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Donated globally since 2005, Novartis’ flatworm treatment Egaten wins FDA nod — and a PRV

Novartis $NVS has the fix for all your parasitic flatworm needs. The Swiss drugmaker developed a human treatment for fascioliasis in partnership with the WHO after formulating a similar medicine for domestic livestock who are also vulnerable to the neglected tropical disease, which has cropped up in more than 70 countries. Since 2005, the drugmaker has been donating the drug — Egaten — globally, and on Wednesday, the medicine was approved by the FDA.

Fascioliasis is caused by two species of leaf-shaped parasitic flatworms following ingestion of larvae in contaminated water or food — mainly raw or undercooked vegetation — and the larvae mature into adult worms in the liver. According to the WHO, the infection is present in domestic animals in almost every country where cattle and sheep are reared, and where livestock is affected, humans usually are too. The agency estimates at least 2.4 million people are infected globally, with several million at risk. Rare cases of the infection in the United States have been documented, and transmission due to imported contaminated produce could occur, as seen in Europe, the CDC has cautioned.

Mwelecela Malecela

Since 2005, Novartis has donated roughly 4 million tablets of Egaten (triclabendazole), valued at $41 million, facilitating the treatment of around 2 million people with fascioliasis in more than 30 countries, Novartis said last July as it renewed its commitment to donate the drug till December 2022. This pledge includes the donation of 600,000 tablets annually, which are expected to reach 300,000 patients per year.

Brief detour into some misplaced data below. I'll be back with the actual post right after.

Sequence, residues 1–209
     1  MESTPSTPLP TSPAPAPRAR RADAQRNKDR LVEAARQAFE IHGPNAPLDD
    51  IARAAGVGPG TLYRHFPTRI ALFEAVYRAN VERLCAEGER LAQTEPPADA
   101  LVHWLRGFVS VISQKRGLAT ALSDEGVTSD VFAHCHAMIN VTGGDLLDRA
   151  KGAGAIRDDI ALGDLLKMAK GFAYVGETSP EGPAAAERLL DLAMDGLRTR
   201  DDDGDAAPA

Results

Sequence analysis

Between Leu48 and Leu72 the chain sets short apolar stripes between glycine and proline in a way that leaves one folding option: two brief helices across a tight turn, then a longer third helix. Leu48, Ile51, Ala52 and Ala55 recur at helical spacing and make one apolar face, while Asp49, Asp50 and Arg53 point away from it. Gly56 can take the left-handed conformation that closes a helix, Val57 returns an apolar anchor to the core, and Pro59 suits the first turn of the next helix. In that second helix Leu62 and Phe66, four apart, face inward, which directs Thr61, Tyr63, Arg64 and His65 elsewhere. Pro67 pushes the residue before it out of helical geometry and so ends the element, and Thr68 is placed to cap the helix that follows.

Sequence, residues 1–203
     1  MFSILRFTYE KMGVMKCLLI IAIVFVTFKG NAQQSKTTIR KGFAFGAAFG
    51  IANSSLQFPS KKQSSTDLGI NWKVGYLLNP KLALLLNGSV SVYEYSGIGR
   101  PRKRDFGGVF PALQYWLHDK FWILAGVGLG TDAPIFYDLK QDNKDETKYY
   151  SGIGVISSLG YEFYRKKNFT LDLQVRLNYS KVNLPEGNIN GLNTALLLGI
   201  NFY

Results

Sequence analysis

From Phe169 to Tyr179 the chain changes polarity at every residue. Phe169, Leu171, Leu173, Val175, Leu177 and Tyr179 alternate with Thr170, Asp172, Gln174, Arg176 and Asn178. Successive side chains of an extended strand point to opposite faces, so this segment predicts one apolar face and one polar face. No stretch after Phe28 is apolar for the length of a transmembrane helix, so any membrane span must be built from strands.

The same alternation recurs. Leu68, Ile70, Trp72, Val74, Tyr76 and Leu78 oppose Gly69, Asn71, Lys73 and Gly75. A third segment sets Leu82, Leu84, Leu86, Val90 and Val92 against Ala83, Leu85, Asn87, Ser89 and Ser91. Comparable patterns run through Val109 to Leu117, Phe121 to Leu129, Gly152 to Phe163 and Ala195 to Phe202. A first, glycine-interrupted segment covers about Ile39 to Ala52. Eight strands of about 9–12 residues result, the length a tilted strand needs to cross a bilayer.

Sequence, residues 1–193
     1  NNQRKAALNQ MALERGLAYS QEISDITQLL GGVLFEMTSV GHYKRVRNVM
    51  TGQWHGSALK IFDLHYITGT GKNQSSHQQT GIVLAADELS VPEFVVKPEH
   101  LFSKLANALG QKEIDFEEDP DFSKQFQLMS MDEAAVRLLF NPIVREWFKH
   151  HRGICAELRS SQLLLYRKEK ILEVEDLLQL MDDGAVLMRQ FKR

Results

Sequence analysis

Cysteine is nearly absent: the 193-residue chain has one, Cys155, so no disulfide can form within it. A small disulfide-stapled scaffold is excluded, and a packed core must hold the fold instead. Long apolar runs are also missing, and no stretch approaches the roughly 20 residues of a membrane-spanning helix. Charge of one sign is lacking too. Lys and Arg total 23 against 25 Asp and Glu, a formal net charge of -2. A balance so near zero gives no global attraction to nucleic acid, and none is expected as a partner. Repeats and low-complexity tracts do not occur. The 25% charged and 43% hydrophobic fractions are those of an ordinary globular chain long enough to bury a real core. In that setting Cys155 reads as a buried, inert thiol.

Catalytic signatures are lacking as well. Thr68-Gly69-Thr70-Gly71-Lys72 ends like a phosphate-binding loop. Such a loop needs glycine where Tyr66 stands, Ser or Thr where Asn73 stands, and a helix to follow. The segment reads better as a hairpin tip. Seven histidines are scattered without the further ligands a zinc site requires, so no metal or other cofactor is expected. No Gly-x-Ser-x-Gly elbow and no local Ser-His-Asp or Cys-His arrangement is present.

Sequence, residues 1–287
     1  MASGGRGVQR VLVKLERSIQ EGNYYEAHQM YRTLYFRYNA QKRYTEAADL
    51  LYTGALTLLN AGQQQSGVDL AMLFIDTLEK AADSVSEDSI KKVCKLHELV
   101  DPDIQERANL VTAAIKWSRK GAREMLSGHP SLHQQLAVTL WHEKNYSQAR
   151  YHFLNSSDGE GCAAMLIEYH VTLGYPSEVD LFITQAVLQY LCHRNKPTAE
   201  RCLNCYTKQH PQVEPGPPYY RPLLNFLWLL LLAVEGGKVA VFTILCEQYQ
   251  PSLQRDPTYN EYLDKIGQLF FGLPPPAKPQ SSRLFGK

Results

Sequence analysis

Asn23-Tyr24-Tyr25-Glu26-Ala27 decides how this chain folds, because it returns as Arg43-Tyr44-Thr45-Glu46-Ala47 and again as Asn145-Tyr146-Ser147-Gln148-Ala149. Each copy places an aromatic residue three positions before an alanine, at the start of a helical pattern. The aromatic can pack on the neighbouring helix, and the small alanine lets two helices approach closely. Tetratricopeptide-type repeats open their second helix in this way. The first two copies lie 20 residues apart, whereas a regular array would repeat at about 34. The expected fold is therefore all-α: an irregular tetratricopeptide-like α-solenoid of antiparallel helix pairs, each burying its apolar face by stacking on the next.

The drug is recognized in the WHO’s model list of essential medicines, and is made available by the agency during epidemics and for periodic use in endemic countries. For instance, an outbreak in northern Iran in 1989 and 1991 affected more than 10,000 people, and others have occurred in Algeria, Cuba and France, according to the National Organization for Rare Disorders.

In the US, the CDC has long also considered the one-day treatment the drug of choice, making it available thus far in case of an infection under a special (investigational) protocol. But health regulators’ full endorsement of the drug for use in patients six years and older is expected to facilitate drug licensing and import to affected countries when needed, Novartis said, adding that the approval also triggered the award of a priority review voucher.

“This FDA decision…removes a major hurdle in expanding treatment to countries where it is most needed,” said Mwelecela Malecela, director of the department of control of neglected tropical diseases at the WHO.


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